Cardio IQ™ Omega-3 and -6 Fatty Acids, Plasma

The Cardio IQ™ Omega-3 and -6 Fatty Acids, Plasma test contains 1 test with 6 biomarkers.

1. Baseline and monitoring of individuals with known CVD (acute and chronic) to determine Rx and compliance. 2. Identify patients with known CVD risk with low omega-3 levels who may be candidates for supplementation/therapy. 3. Monitor patients on omega-3 supplementation/therapy to determine efficacy of treatment. 4. Potential role in risk reduction for non-CVD outcomes-aged related macular degeneration, RA, cancer, etc. (early data).

The following is a list of what is included in the item above. Click the test(s) below to view what biomarkers are measured along with an explanation of what the biomarker is measuring.

Also known as: Arachidonic Acid (AA), Arachidonic Acid/EPA Ratio, DHA, EPA, Omega-3 Index, Omega-6/omega-3 Ratio, Omega3 and 6 Fatty Acids Plasma, Phospholipid Omega-3 Fatty Acid, Phospholipid Omega-6 Fatty Acid, Polyunsaturated Fatty Acids (PUFAs)

ARACHIDONIC ACID

Arachidonic acid is a polyunsaturated fatty acid present in the phospholipids (especially phosphatidylethanolamine, phosphatidylcholine, and phosphatidylinositides) of membranes of the body's cells, and is abundant in the brain, muscles, and liver. In addition to being involved in cellular signaling as a lipid second messenger involved in the regulation of signaling enzymes, such as PLC-γ, PLC-δ, and PKC-α, -β, and -γ isoforms, arachidonic acid is a key inflammatory intermediate and can also act as a vasodilator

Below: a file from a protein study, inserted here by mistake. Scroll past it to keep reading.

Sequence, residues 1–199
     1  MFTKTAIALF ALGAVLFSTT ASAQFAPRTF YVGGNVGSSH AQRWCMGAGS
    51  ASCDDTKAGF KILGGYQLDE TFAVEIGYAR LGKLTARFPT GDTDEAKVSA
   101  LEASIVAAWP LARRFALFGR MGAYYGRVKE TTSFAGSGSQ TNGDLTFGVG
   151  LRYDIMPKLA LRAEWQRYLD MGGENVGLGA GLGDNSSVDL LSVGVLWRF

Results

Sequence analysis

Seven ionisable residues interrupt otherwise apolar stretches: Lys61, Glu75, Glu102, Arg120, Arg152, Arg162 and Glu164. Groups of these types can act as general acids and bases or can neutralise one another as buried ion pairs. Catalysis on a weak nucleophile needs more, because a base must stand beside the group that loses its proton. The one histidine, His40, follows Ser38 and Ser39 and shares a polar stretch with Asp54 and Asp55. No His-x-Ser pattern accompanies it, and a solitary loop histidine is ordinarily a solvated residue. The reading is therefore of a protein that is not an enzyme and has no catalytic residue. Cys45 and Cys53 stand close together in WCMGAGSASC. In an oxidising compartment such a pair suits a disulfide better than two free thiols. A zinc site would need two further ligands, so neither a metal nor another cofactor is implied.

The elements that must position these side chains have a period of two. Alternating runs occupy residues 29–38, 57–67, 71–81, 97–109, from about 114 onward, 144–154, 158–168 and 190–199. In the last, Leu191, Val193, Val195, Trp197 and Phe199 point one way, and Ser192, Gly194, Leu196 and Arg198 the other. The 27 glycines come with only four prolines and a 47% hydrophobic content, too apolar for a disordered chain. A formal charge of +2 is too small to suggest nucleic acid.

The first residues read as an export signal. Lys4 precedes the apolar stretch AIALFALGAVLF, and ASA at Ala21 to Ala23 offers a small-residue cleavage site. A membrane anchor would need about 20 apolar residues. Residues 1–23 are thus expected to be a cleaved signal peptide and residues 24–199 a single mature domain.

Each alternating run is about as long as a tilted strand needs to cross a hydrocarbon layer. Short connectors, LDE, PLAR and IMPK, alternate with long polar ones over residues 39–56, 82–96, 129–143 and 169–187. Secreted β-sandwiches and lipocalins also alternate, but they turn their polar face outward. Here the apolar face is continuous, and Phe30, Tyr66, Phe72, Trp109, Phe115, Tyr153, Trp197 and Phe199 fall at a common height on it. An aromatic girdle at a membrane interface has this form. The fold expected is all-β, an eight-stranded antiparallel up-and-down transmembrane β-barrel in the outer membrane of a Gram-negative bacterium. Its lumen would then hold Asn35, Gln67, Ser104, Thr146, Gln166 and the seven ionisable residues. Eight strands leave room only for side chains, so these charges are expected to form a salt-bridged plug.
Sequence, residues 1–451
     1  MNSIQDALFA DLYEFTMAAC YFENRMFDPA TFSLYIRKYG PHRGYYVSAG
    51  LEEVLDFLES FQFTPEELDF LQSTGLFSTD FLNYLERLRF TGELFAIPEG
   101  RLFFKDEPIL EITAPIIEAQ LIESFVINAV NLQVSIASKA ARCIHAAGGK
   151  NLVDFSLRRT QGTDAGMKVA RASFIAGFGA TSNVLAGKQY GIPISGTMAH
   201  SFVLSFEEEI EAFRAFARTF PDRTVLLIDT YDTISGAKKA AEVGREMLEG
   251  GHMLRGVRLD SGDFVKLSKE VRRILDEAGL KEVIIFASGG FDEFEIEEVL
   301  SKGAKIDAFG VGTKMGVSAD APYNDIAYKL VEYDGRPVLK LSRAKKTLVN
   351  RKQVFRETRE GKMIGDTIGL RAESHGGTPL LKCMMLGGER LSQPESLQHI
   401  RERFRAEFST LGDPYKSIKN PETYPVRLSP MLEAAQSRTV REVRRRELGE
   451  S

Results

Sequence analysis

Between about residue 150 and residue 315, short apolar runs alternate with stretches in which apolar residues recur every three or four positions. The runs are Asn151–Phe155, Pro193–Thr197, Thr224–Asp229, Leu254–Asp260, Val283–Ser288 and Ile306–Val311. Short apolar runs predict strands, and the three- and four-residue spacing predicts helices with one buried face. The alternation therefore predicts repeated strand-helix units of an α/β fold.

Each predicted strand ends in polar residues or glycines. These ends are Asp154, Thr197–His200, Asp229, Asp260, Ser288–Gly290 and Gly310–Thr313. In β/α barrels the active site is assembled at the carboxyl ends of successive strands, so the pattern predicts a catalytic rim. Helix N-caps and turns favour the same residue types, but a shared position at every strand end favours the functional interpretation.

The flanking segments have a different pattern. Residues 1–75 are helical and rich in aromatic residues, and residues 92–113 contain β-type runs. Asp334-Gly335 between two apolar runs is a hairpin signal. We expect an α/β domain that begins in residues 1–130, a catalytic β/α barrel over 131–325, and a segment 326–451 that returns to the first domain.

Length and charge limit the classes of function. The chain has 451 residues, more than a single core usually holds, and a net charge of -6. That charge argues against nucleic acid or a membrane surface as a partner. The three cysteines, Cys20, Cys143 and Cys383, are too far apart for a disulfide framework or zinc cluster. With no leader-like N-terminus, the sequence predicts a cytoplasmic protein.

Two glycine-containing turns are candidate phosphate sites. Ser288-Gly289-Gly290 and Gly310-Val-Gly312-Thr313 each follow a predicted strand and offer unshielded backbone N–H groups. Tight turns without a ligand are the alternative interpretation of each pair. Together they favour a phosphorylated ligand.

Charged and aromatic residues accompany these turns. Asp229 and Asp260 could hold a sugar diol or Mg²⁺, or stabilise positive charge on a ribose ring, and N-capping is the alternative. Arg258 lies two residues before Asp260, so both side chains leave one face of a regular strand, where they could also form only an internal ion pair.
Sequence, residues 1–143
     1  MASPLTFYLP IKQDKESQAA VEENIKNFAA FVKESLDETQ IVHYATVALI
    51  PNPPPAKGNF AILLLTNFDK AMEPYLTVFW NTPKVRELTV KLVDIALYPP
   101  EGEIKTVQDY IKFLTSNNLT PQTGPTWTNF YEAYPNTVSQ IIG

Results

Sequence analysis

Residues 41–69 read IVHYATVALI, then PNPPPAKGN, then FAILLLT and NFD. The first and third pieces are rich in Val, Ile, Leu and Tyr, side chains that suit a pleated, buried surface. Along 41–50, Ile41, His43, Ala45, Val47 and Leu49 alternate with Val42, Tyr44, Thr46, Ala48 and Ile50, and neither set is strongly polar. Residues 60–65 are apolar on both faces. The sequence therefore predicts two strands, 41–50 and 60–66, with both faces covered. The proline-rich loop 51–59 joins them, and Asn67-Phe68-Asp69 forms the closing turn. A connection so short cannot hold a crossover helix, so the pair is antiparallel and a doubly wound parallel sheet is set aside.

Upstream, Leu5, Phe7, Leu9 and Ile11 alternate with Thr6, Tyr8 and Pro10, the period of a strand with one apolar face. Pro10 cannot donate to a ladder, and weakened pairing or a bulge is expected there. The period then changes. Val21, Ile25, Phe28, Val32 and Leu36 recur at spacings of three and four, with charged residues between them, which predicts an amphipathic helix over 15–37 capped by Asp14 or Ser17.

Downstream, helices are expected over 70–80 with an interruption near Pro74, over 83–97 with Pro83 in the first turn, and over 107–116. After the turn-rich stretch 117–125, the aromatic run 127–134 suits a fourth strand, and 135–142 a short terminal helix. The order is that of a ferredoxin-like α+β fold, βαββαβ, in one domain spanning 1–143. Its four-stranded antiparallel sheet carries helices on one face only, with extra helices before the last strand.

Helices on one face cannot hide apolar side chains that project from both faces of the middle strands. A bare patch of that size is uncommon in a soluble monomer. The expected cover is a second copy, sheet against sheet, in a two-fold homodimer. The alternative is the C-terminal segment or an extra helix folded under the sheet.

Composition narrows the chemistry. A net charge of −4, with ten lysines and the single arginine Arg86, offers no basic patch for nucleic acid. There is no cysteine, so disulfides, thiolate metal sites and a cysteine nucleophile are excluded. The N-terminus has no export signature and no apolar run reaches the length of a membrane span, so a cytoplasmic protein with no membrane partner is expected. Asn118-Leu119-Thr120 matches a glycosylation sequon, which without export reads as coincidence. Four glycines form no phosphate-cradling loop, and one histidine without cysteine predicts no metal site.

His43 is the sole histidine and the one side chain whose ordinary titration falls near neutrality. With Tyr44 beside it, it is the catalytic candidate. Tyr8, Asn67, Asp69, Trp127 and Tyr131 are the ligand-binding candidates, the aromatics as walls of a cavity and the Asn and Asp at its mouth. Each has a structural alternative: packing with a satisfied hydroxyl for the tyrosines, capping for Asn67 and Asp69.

DHA

The omega-3 fatty acids EPA and DHA are found in seafood, such as fatty fish (e.g., salmon, tuna, and trout) and shellfish (e.g., crab, mussels, and oysters).

EPA

The omega-3 fatty acids EPA and DHA are found in seafood, such as fatty fish (e.g., salmon, tuna, and trout) and shellfish (e.g., crab, mussels, and oysters).

OMEGA 3 (EPA+DHA) INDEX

Omega-3 (n-3 polyunsaturated) fatty acids are essential fats that your body needs to function properly but does not make. Humans must eat them through food, which means getting EPA (eicosapentaenoic acid) and DHA (docosahexaenoic acid) from seafood, such as salmon, tuna, sardines, mackerel or shellfish, and ALA (alpha-linolenic acid) from sources such as walnuts, flaxseed, and canola and soybean oils. Omega-3 fatty acids, particularly EPA and DHA, have been shown to benefit the heart of healthy people, and those at high risk for — or who already have — cardiovascular disease.

OMEGA 6/OMEGA 3 RATIO

Omega-6 (n-6 polyunsaturated) fatty acids are the other group of essential fats that your body needs to function properly but does not make. Hence, they need to be consumed in the diet. Food sources of omega-6 fatty acids include some vegetable oils (soybean, safflower, sunflower or corn oils), nuts and seeds. Increased consumption of omega-6 fatty acids in place of saturated fats and trans fats is associated with a decreased risk of coronary heart disease.

RISK

*Process times are an estimate and are not guaranteed. The lab may need additional time due to weather, holidays, confirmation/repeat testing, or equipment maintenance.